Other future development opportunities are services that provide transfer points to local public transportation or pre-compute available parking spaces along a road. This would make life much easier. In some cities today, roving vehicles looking for parking spaces already represent one-third of vehicle traffic.

Stage 3: Swarm intelligence and Car-to-Car: Cars will be warning one another of hazards such as obstacles, accident sites or glare ice. 90 per cent of German car drivers already consider this functionality to be very important. Intelligent cars could help to save time and minimise risks.

Today’s assistance systems have the potential to navigate, guide and stabilise the car and the driver. This is particularly relevant in urban traffic situations with multi-tasking. Also, this is where our responsibility and job lies: Driving assistance systems and technologies such as piloted driving and parking can reduce stress, take on guidance and warning roles, make corrective actions in driving operation and assume driving tasks in special or emergency situations.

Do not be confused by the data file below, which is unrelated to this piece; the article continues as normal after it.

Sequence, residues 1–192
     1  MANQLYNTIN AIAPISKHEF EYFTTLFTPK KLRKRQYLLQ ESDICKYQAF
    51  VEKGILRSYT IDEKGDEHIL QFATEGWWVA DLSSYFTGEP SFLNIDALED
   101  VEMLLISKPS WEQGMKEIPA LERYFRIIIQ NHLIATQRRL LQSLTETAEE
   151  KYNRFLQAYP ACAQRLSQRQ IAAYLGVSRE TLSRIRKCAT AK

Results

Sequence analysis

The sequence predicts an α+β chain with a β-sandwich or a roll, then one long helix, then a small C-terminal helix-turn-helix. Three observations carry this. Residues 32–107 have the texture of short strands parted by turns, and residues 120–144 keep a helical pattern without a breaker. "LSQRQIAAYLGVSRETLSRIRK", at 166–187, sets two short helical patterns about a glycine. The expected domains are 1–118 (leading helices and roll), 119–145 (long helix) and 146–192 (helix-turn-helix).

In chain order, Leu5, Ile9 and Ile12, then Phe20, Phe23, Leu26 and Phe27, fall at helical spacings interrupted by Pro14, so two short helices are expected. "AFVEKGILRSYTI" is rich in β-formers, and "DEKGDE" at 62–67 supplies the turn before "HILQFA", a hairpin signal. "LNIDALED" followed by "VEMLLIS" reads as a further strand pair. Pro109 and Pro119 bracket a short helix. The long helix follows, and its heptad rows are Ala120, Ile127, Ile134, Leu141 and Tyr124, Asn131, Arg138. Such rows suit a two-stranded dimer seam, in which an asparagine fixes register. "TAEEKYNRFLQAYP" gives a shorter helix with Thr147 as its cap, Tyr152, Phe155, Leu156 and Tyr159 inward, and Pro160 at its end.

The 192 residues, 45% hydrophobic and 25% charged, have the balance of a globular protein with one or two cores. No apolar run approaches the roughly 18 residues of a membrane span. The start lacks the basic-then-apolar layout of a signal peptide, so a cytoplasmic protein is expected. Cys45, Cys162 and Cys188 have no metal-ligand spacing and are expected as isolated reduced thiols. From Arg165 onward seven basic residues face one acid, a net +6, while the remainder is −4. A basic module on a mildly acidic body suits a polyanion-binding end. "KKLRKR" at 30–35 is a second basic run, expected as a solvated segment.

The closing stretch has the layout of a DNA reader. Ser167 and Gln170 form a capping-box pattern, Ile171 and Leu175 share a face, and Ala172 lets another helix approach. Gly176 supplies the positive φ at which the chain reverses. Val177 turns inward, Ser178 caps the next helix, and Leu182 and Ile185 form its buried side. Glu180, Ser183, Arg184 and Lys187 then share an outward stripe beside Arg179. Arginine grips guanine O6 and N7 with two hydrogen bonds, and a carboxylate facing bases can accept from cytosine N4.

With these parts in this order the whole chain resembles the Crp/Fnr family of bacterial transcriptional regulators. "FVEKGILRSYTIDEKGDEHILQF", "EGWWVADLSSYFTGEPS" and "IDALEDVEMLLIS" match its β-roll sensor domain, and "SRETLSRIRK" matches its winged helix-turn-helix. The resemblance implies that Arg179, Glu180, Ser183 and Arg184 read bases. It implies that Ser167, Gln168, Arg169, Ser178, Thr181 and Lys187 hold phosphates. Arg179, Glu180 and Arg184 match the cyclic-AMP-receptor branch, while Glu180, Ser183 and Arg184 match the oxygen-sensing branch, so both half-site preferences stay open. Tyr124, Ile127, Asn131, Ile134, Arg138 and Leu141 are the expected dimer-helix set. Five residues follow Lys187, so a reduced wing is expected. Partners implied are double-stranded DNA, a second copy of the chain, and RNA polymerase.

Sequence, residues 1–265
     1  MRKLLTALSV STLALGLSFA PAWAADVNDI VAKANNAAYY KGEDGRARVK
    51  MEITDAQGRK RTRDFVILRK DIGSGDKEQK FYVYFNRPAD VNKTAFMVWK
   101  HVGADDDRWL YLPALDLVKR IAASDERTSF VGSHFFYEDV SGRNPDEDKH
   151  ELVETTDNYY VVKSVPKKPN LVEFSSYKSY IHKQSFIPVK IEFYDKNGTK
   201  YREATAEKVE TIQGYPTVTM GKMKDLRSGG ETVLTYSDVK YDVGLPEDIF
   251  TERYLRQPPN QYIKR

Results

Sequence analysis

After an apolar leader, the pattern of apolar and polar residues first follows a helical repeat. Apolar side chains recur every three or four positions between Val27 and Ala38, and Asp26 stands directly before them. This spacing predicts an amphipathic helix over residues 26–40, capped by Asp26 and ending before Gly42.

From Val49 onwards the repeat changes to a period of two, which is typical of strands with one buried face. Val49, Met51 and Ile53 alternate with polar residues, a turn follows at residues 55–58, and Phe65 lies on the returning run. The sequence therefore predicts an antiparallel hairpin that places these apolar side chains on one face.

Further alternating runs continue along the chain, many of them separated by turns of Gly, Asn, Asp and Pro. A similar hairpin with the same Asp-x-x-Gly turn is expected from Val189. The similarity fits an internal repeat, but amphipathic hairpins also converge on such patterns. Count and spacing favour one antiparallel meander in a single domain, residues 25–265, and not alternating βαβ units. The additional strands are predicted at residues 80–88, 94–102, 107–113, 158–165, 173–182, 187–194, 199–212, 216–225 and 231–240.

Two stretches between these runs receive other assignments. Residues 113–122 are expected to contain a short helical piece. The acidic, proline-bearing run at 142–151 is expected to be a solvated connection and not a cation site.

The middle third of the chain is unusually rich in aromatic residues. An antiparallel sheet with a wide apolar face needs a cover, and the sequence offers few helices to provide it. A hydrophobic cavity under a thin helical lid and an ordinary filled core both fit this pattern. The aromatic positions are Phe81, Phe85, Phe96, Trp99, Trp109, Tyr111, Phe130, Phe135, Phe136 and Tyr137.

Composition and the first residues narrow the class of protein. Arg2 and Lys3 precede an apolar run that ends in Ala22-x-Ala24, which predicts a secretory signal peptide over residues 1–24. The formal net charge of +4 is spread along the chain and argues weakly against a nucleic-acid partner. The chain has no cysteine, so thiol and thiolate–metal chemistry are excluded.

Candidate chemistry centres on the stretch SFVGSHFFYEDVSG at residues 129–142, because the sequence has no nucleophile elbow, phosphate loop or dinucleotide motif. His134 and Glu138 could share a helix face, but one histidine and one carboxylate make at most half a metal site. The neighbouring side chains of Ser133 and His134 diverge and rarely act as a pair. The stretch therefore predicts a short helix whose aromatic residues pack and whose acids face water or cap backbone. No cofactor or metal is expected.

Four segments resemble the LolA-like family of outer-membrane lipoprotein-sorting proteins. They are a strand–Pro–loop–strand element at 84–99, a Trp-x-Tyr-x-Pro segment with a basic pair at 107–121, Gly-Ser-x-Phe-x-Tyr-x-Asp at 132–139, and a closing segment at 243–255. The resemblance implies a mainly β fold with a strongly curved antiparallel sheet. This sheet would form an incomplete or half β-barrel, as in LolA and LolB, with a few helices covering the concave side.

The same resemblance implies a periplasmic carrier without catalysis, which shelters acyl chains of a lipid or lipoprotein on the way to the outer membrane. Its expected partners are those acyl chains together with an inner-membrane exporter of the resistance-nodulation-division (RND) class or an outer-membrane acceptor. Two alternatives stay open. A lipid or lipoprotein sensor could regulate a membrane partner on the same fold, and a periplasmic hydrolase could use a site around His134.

Just a few weeks ago, in California, we were the first company to be granted approval to test piloted driving on public roads. Now we can begin to test our technology platforms on the highways of the Golden State. That is significant progress for vehicle testing under real conditions, and it is close to the Audi Electronics Research Lab (ERL) in Belmont, CA.

Swarm intelligence will help piloted driving achieve a breakthrough. In addition to the sensor data that is generated in the car, information also comes from the infrastructure and other traffic participants.

Our conclusion: The car is increasingly becoming a ‘mobile device’ on four wheels. Connectivity is the key to the car of the future, which makes it an integral part of our premium mobility product line-up.

We have taken piloted driving and parking to production maturity, and we will be the first to introduce it to the market. Once again, we are demonstrating our power in technical innovation and ‘Vorsprung durch Technik’ as the DNA of our brand.

And there is much more to come along the pipeline. You can expect a lot from us – both today and in the future.

Thank you very much.

Fuel consumption figures for the named models

Audi TT:
Combined fuel consumption in l/100 km: 7.5 – 4.2
Combined CO2 emissions in g/km: 174 – 110